German shooting spree prompts Merkel vow to fight right-wing ‘poison’

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German leaders vowed to fight the “poison” of right-wing extremism after a shooting spree in the western city of Hanau in which a German man shot dead nine people.

Authorities say they believe he worked alone and that the attack was motivated by right-wing philosophies. Many of those killed were of foreign descent. It is being treated as an act of terrorism.

The alleged shooter was later found dead in his residence, alongside the body of his 72-year-old mother.

“Racism is a poison. Hatred is a poison. And this hate exists in our society,” said Chancellor Angela Merkel in her first reaction to the news.

“It is responsible for far too many crimes,” she added, noting last year’s deadly attack on politician Walter Luebcke, last year’s attack on a synagogue in Halle and a series of murders targeting immigrants between 2000 and 2006 by a group known as the National Socialist Underground.

But she retorted that Germany believes in “dignity” for every person, regardless of race or ethnicity.

The attack began late on Wednesday, with shootings on shisha bars and a vehicle. Witnesses say the attacker seemed to single out people who appeared to be foreign.

Five Turkish citizens are among the dead, state news agency Anadolu quoted ambassador to Berlin Ali Kemal Aydin as saying.

The attacks have shown “racism and Islamophobia” are on the rise in Europe, the Turkish Foreign Ministry said in a separate statement, calling on authorities to fight against xenophobia.

“I believe that German authorities will make all the necessary efforts to shed light on the attack,” Turkish President Recep Tayyip Erdogan said.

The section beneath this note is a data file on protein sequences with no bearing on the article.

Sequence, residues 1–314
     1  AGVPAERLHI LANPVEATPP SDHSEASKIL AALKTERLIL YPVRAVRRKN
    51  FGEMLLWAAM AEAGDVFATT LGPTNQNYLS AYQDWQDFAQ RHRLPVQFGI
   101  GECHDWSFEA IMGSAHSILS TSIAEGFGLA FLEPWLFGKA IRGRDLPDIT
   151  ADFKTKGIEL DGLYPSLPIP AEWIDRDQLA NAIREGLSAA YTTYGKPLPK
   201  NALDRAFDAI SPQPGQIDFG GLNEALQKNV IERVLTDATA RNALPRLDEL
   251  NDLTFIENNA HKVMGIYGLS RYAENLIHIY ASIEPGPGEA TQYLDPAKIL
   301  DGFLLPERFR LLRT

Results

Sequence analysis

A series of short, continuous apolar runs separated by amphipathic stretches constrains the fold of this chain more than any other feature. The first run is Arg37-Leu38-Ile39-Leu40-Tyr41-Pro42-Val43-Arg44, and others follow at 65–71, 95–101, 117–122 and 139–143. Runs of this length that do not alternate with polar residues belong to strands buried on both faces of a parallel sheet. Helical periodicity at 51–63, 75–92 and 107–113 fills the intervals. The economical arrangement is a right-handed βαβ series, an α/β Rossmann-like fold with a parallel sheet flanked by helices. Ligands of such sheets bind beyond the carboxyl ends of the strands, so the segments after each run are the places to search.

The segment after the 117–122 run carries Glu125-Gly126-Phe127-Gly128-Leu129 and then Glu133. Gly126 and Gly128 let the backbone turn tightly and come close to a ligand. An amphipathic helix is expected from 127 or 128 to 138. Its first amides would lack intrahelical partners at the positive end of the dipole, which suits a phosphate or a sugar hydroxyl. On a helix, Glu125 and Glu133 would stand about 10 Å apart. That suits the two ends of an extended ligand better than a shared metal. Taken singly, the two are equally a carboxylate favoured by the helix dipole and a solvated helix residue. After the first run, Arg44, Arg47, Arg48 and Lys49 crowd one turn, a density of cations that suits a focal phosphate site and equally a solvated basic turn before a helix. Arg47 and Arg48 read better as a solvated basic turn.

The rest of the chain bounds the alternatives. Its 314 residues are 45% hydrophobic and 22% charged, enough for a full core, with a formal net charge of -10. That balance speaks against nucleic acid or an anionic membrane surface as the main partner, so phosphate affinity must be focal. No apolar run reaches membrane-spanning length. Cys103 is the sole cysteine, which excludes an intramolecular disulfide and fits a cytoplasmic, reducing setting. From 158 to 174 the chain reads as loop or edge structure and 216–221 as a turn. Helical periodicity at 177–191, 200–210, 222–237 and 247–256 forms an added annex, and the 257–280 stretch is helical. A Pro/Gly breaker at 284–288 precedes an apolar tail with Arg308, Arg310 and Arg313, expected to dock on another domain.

Officials said there were few confirmed details so far.

“Based on what we know now, there was definitely a xenophobic motive,” Hesse state Interior Minister Peter Beuth said after a Thursday morning press briefing.

The 43-year-old suspect was a hunter and owned his guns legally, but had never come to the attention of authorities before the attacks. Beuth said he is believed to have worked alone. The weapon used in the killings was found next to the suspect’s body.

Authorities are reviewing several videos he posted online in which he speaks at length about surveillance by secret government agencies, sometimes telepathically, and his wish to free his country of non-Germans, specifically those from North Africa, the Middle East and Central Asia.

German Justice Minister Christine Lambrecht said it was “shocking how many people were senselessly killed.

“We have to clear up the background of this attack and do everything to prevent such attacks in future.”

Representatives from Islamic groups in Germany argued this was a sign that German officials need to do more to combat right-wing violence because its threat had not been taken seriously in the past.

The shock quickly spilled across Europe, with messages of condolence coming in from the European Union and Italy. French President Emmanuel Macron said he would stand alongside Merkel in the fight for our values and the protection of our democracies.”

European Commission President Ursula von der Leyen, a German native, tweeted that “I am deeply shocked by the tragedy that took place last night in Hanau.”

German politicians also decried the attack.

Some far-right politicians said that it was incorrect to label this as a right-wing extremist attack, arguing that the shootings were the work of a deranged individual.

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